More Indigenous Leaders Join Cries for Aid to Thailand Flood Victims
October 25, 2011
A growing chorus of indigenous leaders here are calling upon Christian Aid Mission to send more help for them to reach out to their suffering neighbors. "Thailand is experiencing its worst flooding in over 60 years," says one leader, "Nearly 30 provinces have been flooded with thousands losing their homes, churches and businesses. Over 300 have been killed in Thailand alone."
The Chao Phraya River continues to threaten the Thai capital as it has for over two weeks. It is an unstoppable wall of water that keeps coming and coming say observers. In nearby Myanmar, at least 100 bodies were recovered over the weekend from the Irrawaddy River which is also in flood stage. Hundreds more are missing and presumed dead.
Changes of dry clothing are essential ... Many are still wearing the clothes they had when they fled their homes at the start of the flood weeks ago. Bed rolls are needed as well as water, food packs, medicine, and gospel literature.
The Southeast Asian director for Christian Aid says that there are also great needs in neighboring Cambodia. The huge deluge knows no boundaries or borders, and is turning the lower areas of Southeast Asia into a vast lake. Indigenous missionaries have organized a flotilla of small boats to deliver disaster relief along with a strong witness for Christ. They are being assisted with help from Christian Aid Mission of Charlottesville, Virginia, which has set up an emergency fund to send relief to the most affected areas.
Over 50 churches have been damaged or destroyed so far. In addition to the emergency aid needed now, more help will be needed to rebuild after the floodwaters subside.
"Here, in Thailand, there is no escaping the consequences of this flood," said one missionary. "People are living on their rooftops, grocery stores are running out of dry foods, and sand has become a rare commodity. Those who have not experienced the flood first hand are waiting in fear that it will come at any moment.
"For Christians, it is a time for prayer and a time to take action. Please ask all our American friends to join in this effort, most importantly, by praying for the people of Thailand and for these churches in Central Thailand specifically. Pray that this time of crisis will bring people to Christ and pray for strength and faith for the Christians who are suffering.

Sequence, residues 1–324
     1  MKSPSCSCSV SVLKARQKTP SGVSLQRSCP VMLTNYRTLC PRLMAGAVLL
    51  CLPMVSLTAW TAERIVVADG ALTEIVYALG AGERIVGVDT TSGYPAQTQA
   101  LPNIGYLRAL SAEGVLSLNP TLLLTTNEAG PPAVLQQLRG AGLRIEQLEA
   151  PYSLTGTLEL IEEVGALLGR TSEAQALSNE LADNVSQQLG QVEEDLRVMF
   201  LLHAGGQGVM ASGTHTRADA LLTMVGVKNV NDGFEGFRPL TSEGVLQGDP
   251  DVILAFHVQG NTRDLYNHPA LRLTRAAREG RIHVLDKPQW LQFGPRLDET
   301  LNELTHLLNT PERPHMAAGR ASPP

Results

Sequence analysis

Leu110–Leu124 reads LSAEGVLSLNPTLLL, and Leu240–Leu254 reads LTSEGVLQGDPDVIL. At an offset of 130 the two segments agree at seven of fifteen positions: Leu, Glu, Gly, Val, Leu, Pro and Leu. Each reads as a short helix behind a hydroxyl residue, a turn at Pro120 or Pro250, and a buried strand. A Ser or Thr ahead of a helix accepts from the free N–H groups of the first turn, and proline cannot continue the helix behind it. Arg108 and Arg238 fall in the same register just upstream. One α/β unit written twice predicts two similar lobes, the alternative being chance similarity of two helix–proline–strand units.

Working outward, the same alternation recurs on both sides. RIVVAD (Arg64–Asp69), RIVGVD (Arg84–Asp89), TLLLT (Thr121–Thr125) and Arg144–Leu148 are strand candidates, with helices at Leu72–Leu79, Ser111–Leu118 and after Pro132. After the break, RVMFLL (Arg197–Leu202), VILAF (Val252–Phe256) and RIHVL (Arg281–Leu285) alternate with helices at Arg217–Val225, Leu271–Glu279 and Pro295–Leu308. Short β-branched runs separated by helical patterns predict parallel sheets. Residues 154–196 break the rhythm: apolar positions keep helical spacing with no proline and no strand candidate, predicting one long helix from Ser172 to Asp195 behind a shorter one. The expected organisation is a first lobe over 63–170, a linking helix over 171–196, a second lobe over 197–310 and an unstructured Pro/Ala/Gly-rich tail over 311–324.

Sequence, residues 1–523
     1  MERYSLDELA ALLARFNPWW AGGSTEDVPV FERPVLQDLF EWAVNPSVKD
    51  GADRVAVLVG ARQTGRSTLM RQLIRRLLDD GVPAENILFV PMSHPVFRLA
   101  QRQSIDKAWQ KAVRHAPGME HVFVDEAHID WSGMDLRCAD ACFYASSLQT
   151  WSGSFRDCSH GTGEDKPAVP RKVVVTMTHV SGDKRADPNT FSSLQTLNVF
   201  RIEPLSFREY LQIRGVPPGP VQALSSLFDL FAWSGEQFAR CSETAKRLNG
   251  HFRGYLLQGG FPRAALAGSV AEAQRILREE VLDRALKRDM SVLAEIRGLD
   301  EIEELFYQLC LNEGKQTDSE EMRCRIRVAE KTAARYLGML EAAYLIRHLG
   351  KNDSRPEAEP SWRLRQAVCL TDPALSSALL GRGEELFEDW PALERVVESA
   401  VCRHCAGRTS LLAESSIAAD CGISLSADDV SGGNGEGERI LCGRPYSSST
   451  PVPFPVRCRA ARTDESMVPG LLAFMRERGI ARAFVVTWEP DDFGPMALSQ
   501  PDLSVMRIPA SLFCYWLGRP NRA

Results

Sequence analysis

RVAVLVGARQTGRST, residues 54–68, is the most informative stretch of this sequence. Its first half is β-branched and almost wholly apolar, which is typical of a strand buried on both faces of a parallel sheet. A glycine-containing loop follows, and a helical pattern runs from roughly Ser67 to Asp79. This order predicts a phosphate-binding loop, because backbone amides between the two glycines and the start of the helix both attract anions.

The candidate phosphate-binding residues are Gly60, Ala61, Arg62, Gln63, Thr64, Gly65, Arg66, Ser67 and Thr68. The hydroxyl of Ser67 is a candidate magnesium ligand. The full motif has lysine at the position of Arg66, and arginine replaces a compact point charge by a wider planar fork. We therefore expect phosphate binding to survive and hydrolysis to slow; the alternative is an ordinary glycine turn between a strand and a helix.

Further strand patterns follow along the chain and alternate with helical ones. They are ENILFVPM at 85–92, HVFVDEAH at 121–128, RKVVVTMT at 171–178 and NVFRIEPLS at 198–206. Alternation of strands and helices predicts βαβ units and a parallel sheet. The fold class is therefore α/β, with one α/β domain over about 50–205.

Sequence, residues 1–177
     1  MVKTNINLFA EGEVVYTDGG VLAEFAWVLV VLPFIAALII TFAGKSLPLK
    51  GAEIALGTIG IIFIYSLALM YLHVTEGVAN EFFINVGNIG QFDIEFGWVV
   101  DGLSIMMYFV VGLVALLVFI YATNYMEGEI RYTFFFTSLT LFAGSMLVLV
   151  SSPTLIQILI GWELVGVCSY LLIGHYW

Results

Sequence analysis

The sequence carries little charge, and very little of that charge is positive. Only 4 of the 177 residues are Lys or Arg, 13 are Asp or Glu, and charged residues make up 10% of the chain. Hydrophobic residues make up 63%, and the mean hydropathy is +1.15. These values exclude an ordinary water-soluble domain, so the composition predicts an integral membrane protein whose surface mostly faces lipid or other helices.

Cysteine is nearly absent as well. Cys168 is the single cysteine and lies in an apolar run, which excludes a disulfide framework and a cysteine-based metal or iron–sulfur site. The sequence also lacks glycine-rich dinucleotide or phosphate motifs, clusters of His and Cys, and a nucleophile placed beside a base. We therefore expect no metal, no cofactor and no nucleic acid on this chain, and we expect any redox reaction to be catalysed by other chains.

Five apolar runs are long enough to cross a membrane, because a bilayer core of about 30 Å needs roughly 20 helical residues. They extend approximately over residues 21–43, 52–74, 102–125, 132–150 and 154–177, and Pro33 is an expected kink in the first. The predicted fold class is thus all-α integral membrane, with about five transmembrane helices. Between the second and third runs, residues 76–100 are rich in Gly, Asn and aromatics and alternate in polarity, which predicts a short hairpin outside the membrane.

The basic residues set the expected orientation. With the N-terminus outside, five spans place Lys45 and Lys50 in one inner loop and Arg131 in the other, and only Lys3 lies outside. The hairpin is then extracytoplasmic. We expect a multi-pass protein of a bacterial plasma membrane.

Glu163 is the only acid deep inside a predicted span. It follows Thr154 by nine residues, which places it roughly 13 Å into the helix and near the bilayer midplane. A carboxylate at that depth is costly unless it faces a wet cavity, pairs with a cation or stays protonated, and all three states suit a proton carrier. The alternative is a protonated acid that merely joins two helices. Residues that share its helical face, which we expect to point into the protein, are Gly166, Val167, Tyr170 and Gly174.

"Another way you can help is to join in our goal to raise $500 for each of the 50 churches suffering from the floods. If you or your church will commit to praying for us or giving financially to this relief effort, please reply to Christian Aid."
The Indigenous missionaries need emergency funds from Christian Aid to rent more rescue boats, purchase gasoline and deliver emergency food packages, water, dry bedding, and medicine as well as gospel literature. A week's supply of rice, noodles and other staples costs only $5 per "food pack." A motor launch can carry up to 4000 food packets of emergency aid on a single visit to stranded villagers who are marooned on high ground. Bed rolls cost about $30 per family, and thousands are needed for those living without shelter.
Christian volunteers load food and water onto rented and borrowed boats. To survive the floods and set up camp on higher ground, a small family needs about $100 in relief goods.
Over 600 have been killed in the Central plains of Thailand and Cambodia since the current floods began in July, and the death toll continued to climb over the weekend as the floodwaters breached the inner walls and dykes of Bangkok. A combination of monsoon rain, floods, mudslides and high tides have coincided to create some of the highest waters in history on the Mekong and Chao Phraya Rivers. Many lowland areas in the central plains have been under water for six weeks now.
The areas in most need include Banpa Inn District (Ayuthaya), Utai Tharni City (Uthai Thani), Nakorn Sawan and the northern suburbs of Bangkok. The entire industrial district has been flooded here in the capital city. In many of these areas, flood victims have been forced to evacuate as many as three times and have lost everything they own.
The work of responding to Thailand's 2011 flood tragedy will go on for years. Long term help from individuals and churches will continue to be needed. For more information, contact the Donor Relations Department at Christian Aid Mission, 1-800-977-5650.
Church groups who wish to make this a special Thanksgiving offering or sponsor a Christmas relief project in Thailand or Myanmar are invited to contact the Southeast Asia Director for further assistance.
Christian missions to migrants and illegal refugees are in special need. One missionary leader assisted by Christian Aid said that "Migrant workers have been facing more difficulties because they are not on the help lists and not registered in their communities. They are denied assistance by government and NGO charities because they don't legally exist." Many of these are Christian refugees of persecution in nearby Burma.